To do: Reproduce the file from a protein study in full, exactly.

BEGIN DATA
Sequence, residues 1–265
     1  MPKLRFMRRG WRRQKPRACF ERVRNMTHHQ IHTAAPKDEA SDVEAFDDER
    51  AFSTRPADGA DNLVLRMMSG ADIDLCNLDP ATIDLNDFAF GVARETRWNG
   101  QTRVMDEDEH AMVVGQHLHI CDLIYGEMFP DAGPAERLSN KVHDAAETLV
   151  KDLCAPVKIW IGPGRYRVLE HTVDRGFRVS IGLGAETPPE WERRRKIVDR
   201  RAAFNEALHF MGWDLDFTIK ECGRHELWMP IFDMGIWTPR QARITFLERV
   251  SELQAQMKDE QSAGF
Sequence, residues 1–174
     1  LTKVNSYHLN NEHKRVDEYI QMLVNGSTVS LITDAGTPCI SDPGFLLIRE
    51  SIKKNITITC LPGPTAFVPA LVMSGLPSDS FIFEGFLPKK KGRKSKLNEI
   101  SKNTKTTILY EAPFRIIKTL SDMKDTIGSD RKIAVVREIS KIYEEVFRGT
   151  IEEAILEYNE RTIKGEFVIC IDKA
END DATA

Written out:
Sequence, residues 1–265
     1  MPKLRFMRRG WRRQKPRACF ERVRNMTHHQ IHTAAPKDEA SDVEAFDDER
    51  AFSTRPADGA DNLVLRMMSG ADIDLCNLDP ATIDLNDFAF GVARETRWNG
   101  QTRVMDEDEH AMVVGQHLHI CDLIYGEMFP DAGPAERLSN KVHDAAETLV
   151  KDLCAPVKIW IGPGRYRVLE HTVDRGFRVS IGLGAETPPE WERRRKIVDR
   201  RAAFNEALHF MGWDLDFTIK ECGRHELWMP IFDMGIWTPR QARITFLERV
   251  SELQAQMKDE QSAGF
Sequence, residues 1–174
     1  LTKVNSYHLN NEHKRVDEYI QMLVNGSTVS LITDAGTPCI SDPGFLLIRE
    51  SIKKNITITC LPGPTAFVPA LVMSGLPSDS FIFEGFLPKK KGRKSKLNEI
   101  SKNTKTTILY EAPFRIIKTL SDMKDTIGSD RKIAVVREIS KIYEEVFRGT
   151  IEEAILEYNE RTIKGEFVIC IDKA